The Lord be with you.
And with thy spirit.
Let us pray.
Book of Common Prayer
As we seek to know and to love Christ more, we are guided by the Book of Common Prayer. Written in 1549 so that ordinary, everyday Christians in England could worship in English rather than in Latin, the Book of Common Prayer includes the Psalms, lessons from both the Old and New Testaments, a calendar for reading through the entire Bible, and a collection of beautiful and useful prayers.
It also contains scripts for dignified, reverent services celebrating the Lord’s Supper, baptism, marriage and important occasions in the life of Christ and our shared life as believers.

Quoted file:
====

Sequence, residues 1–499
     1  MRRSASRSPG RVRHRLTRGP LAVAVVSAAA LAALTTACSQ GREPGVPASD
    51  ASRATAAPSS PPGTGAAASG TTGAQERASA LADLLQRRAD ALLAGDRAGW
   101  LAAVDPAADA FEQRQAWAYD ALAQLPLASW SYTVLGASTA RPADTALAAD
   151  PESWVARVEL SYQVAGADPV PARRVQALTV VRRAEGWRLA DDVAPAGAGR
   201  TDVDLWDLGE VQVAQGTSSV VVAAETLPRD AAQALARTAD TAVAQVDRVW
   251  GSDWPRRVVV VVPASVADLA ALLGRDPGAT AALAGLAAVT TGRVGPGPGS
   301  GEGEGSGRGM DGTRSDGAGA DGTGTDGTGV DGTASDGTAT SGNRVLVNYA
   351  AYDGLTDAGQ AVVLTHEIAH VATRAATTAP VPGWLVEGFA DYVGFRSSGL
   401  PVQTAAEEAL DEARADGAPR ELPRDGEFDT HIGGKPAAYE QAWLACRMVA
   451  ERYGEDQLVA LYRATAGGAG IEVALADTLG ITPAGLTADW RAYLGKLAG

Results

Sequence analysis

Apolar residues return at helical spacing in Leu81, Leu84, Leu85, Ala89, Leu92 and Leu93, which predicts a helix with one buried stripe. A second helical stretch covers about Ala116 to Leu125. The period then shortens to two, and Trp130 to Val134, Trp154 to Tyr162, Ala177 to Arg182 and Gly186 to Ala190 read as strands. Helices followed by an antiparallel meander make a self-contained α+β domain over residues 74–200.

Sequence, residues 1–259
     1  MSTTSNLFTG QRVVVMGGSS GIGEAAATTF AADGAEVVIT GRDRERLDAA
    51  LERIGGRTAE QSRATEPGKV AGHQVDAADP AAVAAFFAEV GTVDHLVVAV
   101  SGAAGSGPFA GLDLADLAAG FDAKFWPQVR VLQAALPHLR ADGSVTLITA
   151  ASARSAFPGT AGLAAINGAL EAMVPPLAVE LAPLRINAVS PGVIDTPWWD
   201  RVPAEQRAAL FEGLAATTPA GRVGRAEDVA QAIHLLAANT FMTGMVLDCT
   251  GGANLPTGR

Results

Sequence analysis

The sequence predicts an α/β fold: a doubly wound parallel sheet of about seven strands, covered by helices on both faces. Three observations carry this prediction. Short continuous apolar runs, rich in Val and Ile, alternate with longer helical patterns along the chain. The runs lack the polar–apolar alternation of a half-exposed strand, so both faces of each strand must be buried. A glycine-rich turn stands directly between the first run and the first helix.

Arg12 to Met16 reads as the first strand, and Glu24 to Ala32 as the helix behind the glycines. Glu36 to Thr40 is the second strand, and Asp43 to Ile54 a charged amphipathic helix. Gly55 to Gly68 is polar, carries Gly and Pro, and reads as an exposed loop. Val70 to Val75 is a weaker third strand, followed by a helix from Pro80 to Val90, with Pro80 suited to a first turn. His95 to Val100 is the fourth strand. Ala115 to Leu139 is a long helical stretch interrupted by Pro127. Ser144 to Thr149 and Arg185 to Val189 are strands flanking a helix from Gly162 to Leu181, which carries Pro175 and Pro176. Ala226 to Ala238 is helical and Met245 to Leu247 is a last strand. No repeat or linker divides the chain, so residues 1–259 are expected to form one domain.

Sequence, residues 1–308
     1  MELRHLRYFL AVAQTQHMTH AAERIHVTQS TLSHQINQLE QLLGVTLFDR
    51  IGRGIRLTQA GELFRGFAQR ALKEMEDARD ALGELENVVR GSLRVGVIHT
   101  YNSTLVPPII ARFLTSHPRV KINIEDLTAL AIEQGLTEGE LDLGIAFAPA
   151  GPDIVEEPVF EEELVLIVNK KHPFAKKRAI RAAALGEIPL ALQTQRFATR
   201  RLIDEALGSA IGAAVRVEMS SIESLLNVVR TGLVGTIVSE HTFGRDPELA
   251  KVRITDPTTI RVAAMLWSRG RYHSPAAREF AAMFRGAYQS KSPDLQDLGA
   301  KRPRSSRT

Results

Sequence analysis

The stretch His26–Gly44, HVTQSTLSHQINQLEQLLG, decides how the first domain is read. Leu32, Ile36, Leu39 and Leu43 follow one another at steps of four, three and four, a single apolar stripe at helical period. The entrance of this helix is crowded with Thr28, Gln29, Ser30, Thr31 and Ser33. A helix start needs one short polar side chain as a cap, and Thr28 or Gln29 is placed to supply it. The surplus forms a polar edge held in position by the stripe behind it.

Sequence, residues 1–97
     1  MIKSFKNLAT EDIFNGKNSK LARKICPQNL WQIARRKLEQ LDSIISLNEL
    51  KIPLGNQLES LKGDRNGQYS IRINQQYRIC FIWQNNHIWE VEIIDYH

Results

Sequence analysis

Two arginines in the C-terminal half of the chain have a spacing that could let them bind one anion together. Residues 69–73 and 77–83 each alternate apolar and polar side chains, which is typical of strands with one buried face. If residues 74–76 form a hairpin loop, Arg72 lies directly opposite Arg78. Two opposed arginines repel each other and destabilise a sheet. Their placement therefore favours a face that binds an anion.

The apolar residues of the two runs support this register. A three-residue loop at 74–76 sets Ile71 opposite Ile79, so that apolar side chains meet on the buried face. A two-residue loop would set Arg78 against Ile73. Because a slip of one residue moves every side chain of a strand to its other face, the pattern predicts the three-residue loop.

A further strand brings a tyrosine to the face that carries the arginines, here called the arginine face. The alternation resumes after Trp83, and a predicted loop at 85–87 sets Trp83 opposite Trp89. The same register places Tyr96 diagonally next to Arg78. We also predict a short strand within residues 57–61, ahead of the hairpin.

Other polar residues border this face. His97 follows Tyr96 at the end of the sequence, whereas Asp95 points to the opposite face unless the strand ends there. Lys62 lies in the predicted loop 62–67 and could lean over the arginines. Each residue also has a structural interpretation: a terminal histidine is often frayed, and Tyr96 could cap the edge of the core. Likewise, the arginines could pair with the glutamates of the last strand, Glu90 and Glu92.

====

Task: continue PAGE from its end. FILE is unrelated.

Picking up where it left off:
Here, too, are the forms for the Morning Prayer and the Evening Prayer services, which many use at home in private devotions. These aren’t flimsy, but solidly built on thanksgiving, confession, petition, intercession, and blessing. The poetic prayers of these services are loaded with deep meaning; these are prayers from a time when we understood a right relationship to God.
We bless thee for our creation, preservation, and all the blessings of this life; but above all, for thine inestimable love in the redemption of the world by our Lord Jesus Christ; for the means of grace, and the hope of glory…
No longer the “common” language, the language of the 1928 Book of Common Prayer that we use at St. Michael’s is challenging, but worth the effort. In the prayer book we find doctrine that teaches us, grounds us, forms us. A tool for deepening our spiritual life, it is rich with meaning and history; great literature as well as one of the great documents of faith.
However, using an old text to guide our prayers doesn’t mean that we are outdated; we stay connected by texts and email, sharing prayer requests and thanksgivings through the week.